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Kenya fears after Russia doping report

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A damning report by the World Anti-Doping Agency (Wada) has outlined evidence of systematic cheating with the consent of the government in Moscow, sparking fears of similar doping problems in Kenya.

NAIROBI, November 10 – Kenyan athletics officials and media warned Tuesday a “generation of athletes” risk exclusion if doping is not stopped, amid fears the east African country faces similar threats as those facing Russia.

A damning report by the World Anti-Doping Agency (WADA) on Monday outlined evidence of systematic cheating with the consent of the government in Moscow, noting that drug tests for athletes were conducted at a Russian lab that totally lacked credibility.

Many in Kenya fear doping is rife among their top class athletes too — runners who have been the source of enormous national pride.

“A generation of athletes in all disciplines could be lost to the ban,” The Star newspaper warned in its editorial Tuesday, adding Kenya had “fallen short” in efforts to stem doping.

The Daily Nation newspaper called on athletes, managers and the government to “study the report”, which called for athletics’ governing body IAAF to suspend Russia’s athletics body.

The newspaper said officials must use it as a “learning experience” to put in place action to “detect, deter, and punish doping” in sport.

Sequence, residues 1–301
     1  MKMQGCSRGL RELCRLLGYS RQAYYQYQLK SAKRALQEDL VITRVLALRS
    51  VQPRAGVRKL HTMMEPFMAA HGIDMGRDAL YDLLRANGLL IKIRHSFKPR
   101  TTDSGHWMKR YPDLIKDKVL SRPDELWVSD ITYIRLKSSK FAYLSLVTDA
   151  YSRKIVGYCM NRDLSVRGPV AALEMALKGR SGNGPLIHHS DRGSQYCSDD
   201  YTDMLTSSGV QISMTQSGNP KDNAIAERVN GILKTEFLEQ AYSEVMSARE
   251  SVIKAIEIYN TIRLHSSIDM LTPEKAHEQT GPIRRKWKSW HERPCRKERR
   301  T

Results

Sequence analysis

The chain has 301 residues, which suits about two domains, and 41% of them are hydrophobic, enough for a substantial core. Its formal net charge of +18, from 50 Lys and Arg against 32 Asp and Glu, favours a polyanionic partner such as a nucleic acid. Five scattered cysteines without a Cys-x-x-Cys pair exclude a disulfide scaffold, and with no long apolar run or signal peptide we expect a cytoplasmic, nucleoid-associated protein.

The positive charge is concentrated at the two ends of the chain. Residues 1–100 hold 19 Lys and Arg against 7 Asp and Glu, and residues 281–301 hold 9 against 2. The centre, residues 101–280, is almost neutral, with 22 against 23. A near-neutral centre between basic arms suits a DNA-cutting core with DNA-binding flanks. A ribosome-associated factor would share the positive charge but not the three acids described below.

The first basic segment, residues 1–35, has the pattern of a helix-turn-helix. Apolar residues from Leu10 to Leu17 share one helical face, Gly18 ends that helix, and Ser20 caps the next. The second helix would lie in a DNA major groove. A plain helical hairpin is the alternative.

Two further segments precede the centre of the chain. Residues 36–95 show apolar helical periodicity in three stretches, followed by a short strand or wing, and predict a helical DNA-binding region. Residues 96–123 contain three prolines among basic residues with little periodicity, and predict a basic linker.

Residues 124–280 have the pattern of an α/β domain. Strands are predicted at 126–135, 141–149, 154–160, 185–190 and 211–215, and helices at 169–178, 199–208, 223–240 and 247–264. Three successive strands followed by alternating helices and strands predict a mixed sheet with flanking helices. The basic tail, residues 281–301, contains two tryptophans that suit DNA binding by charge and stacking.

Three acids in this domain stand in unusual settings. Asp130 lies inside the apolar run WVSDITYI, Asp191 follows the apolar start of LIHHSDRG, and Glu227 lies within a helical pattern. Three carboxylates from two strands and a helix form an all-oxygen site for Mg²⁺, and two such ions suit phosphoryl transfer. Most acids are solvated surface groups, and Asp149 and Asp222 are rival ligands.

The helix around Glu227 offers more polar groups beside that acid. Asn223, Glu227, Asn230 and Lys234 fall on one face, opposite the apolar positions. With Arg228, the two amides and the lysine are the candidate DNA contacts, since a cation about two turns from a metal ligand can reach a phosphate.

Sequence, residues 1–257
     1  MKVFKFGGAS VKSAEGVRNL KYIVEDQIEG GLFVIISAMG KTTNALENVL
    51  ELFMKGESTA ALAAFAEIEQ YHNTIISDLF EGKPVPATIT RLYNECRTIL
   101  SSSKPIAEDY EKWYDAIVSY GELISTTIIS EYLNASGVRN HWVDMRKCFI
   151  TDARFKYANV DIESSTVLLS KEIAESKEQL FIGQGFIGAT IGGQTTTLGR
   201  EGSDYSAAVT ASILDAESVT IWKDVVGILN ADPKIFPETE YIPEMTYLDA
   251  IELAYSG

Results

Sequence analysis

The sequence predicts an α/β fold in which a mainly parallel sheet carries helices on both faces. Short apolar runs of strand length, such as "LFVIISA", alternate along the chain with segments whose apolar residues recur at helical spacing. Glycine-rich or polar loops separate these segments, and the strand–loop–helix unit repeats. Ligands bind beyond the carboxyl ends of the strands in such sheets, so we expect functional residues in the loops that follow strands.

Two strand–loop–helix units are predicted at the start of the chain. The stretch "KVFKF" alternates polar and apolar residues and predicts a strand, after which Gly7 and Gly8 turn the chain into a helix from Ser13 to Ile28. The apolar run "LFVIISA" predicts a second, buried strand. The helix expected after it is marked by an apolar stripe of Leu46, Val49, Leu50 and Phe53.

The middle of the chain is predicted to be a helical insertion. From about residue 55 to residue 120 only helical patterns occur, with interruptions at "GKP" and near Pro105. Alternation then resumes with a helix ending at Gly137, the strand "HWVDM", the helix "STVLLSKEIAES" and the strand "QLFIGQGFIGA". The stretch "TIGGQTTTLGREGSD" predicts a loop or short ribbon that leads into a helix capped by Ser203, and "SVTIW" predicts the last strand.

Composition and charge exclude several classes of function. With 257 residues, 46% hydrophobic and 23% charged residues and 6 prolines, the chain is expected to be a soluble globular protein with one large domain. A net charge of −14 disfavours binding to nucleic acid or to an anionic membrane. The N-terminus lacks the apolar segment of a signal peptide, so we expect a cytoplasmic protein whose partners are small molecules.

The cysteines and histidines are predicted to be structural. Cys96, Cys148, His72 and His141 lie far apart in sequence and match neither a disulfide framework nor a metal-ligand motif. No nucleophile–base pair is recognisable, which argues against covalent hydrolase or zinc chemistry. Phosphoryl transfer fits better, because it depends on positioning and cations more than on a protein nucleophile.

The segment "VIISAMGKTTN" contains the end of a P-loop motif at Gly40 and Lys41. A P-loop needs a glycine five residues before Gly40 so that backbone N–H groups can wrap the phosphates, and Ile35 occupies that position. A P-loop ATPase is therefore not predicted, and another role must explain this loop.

Kenyan athletics legend Kip Keino recently warned that WADA may consider “recommending Kenya be banned from all competitions for four years, including the 2016 Rio Olympics,” media reports said.

Keino, who also heads the national Olympic committee and met WADA officials on a recent visit to the United States, told reporters in Nairobi WADA feels Kenya had failed to act on allegations of widespread doping in the country.

“They think Kenya is sweeping doping issues under the carpet,” said Keino, the 1968 Olympic 1500 metres gold medal winner.

– Kenya’s ‘brand ambassadors’-

Over 30 Kenyan athletes have been suspended and five more banned since 2012 after testing positive for banned performance enhancing drugs.

“Athletics officials have kicked the can of anti-doping down the road once too often, failing to deal with the issue,” The Star added, saying efforts to set up a Chinese-backed anti-doping centre had been rejected.

“It is time for the country to meet its obligations, and be seen to do so,” it added.

But while newspapers were vocal, Athletics Kenya (AK) declined to comment on the issue, saying that only the IAAF could talk.

“If Kenya had been mentioned in the report, we would have had a right to react,” AK president Jackson Tuwei told AFP.

Kenya’s Deputy President William Ruto in September announced plans to criminalise doping, after two of the east African nation’s athletes were banned after positive tests during the Beijing world athletics championships.

The Kenyan team topped the medals table for the first time since the championships started in 1983, taking seven golds, six silvers and three bronze medals.

But the runaway success was punctured by hard questions after two of their athletes — Koki Manunga and Joyce Zakary — became the tournament’s first to fail drugs tests.

Kenya was rocked this year when marathon star Rita Jeptoo was banned for two years after being caught doping with the banned blood-boosting hormone EPO, the same drug that was part of the cocktail used by disgraced Tour de France cyclist Lance Armstrong.

“Kenyan athletes are also the country‚Äôs brand ambassadors… which means that they are always in the limelight,” the Nation added. “Therefore, they and their managers have a responsibility to protect the integrity of their performance and how the country is perceived.”

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